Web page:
Darren Hanlon and Tim Kasher at the Tractor: Thoughts on Frontmen, Talkative Crowds, and What it Means to Be Entertained

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Darren Hanlon's quiet, charming folk was drowned out by a talkative crowd at the Tractor on Saturday.
As a huge fan of Darren Hanlon's latest album, I Will Love You At All, I was curious to see how his bouncy, storytelling folk songs would translate live. For the most part, Hanlon was just as charming standing on the Tractor Tavern's stage Saturday night as he is on his latest record--but it's a totally different kind of charm. On I Will Love You At All, the Australian musician uses production to his songs' advantage: he intertwines violins and broken pianos with his guitar, layering the instruments like voices. The effect is toe-tapping, hummable; his pop is irresistible.

When Hanlon played live at the Tractor, though, it was just him with an acoustic guitar or banjo. Aside from "All These Things," when he brought a female vocalist on stage with him, there was no backing band. His charm came from the intimate, friendly demeanor he portrayed. He was chatty and easygoing, telling a five-minute story about competing in a pinball tournament at Shorty's last year, likening the experience to Rocky II, before launching into "Pinball Millionaire."

But for all of Hanlon's friendliness and ease, he didn't win the Tractor crowd over the way Tim Kasher did.

The most telling moment was at the end of Hanlon's set. For his last song, he walked to the edge of the stage and stood on top of his monitor, singing without a microphone. It was a great moment--brave and heartfelt--and it was impossible to hear. While a small crowd was gathered in front of the stage, attentively listening to Hanlon's song, the rest of the show-goers (the Tractor was pretty full) were talking amongst themselves and (I can only assume) not paying attention. When Hanlon sang unplugged, his voice was completely drowned out among those bar conversations. A few fans tried to shush the talkers, but to no avail. Hanlon's song was over quickly and he left the stage with little fanfare.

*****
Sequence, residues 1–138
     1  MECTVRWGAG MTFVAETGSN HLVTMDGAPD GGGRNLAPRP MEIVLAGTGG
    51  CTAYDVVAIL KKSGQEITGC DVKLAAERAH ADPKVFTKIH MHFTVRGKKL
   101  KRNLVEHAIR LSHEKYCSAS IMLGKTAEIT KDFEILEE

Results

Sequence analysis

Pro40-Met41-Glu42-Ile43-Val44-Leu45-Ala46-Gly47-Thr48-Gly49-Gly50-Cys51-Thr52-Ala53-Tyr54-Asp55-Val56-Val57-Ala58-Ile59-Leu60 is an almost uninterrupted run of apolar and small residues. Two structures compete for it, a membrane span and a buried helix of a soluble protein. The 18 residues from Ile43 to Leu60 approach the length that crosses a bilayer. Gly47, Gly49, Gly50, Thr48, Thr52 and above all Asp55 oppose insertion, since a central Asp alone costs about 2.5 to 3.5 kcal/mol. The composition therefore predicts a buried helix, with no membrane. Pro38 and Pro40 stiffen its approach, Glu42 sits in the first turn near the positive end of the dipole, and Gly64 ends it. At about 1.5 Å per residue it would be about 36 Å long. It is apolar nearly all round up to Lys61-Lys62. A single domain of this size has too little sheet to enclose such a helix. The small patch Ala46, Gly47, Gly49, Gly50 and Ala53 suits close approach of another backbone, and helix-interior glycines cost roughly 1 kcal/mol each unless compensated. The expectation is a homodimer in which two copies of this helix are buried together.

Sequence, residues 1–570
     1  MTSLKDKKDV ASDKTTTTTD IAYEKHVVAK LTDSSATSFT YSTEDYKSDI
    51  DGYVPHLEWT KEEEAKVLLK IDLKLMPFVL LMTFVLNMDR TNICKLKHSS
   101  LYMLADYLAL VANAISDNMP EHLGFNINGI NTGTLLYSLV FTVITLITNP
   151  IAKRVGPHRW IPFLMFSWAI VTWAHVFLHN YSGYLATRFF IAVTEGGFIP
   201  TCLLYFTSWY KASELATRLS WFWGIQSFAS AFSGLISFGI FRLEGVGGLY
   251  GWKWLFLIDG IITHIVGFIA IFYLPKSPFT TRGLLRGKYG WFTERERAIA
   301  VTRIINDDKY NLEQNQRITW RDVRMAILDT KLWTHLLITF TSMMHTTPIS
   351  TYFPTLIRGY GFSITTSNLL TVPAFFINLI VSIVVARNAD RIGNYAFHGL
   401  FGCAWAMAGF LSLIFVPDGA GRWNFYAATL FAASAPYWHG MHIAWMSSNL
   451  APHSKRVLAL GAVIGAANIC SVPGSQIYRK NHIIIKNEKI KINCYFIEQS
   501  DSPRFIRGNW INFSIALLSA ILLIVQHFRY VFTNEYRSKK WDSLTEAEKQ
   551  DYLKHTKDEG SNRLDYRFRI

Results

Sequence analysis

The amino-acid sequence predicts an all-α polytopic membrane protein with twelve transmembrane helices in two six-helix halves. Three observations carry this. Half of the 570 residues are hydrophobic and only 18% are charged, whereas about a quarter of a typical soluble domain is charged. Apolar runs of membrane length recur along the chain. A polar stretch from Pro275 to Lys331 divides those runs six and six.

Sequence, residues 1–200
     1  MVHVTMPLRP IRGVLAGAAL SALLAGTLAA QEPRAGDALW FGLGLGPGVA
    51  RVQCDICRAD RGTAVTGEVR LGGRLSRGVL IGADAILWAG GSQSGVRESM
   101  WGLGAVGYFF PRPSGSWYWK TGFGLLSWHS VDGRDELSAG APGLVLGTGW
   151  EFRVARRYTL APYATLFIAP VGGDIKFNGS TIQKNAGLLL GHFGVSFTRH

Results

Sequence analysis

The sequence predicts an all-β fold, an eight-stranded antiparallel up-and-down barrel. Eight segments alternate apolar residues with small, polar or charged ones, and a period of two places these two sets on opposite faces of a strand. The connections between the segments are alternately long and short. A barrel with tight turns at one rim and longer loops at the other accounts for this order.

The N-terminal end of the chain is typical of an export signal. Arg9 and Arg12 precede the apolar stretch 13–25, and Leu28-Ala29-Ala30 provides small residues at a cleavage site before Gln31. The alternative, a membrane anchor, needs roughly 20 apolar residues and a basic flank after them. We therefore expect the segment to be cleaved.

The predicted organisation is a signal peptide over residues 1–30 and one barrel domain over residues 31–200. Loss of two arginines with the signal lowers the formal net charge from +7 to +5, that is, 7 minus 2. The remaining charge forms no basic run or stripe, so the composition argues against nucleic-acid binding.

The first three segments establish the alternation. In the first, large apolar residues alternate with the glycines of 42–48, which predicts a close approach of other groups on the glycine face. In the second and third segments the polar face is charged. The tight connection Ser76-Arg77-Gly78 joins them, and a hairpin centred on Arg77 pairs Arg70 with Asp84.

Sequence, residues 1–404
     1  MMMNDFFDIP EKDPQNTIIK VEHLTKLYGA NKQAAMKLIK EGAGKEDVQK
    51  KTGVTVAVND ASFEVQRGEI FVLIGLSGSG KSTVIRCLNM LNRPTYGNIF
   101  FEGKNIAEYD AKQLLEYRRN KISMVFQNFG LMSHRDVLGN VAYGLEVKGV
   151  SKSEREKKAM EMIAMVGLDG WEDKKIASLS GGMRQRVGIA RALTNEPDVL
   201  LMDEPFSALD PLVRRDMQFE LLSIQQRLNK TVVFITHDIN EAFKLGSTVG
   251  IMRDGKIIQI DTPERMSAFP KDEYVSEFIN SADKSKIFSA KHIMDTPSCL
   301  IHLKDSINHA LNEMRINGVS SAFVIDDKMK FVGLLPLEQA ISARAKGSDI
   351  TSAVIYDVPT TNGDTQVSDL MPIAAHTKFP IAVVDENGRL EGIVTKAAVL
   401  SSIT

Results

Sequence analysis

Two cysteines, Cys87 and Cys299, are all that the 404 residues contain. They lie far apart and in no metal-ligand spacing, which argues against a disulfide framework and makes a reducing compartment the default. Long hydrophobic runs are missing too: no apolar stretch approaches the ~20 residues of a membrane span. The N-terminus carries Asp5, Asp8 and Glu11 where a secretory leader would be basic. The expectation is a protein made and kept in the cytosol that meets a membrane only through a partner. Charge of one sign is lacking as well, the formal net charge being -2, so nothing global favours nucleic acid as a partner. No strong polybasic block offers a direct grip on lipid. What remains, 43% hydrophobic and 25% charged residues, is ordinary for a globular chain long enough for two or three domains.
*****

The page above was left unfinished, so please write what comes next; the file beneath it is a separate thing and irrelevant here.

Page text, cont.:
All of those conversations seemed to end when Kasher took the stage. The Omaha-bred lead singer of Cursive and The Good Life was clearly the man of the hour: the audience paid close to attention to his songs and sang along, even though his solo album--Game of Monogamy, on which he's currently touring and that provided most of the material for his set--has only been out for a month. On the one hand, Kasher is impossible to ignore when he's on stage. His backing band was rambunctious: between Kasher's slightly scratchy vocals, a trumpet (Kasher seems to showcase horns in every band, doesn't he?), a booming bass, destroyed drums, and a shredding cello, the sound completely took over a room.

But, really--aside from his multi-instrumental band--what was it about Kasher that captivated everyone so much more than Hanlon? I get that he's a great frontman. On Saturday night, he shook his shaggy Pete Rose haircut from side-to-side, soaking himself with sweat by the fourth song of his set. He strummed the shit out an acoustic guitar on songs that were built for electric. He belted out lyrics like, "I can't feel nothing at all," with his eyes closed and face grimaced, as if he was really miserable. He even covered David Bowie's "Soul Love."

Yes, Kasher is entertaining, but there was just something so obvious about his performance. His solo stuff sounds like Cursive and the Good Life smashed together; it retains his hallmark deliberate lyrics: "I want to have sex with all my old girlfriends again." There was no nuance to Kasher's act--it was entertaining but short of substance. To enjoy Hanlon's charm required listening, truly paying attention to his songs and stories, and maybe letting that imaginary barrier between the musician and the crowd fall. All Kasher's act required was a good performer and an audience ready to be entertained.

(Oh, and to everyone who goes to shows but thinks their private conversation is more important than the musicians on stage: why would you pay to see a show but not listen to the band? You could be at a regular bar instead.)

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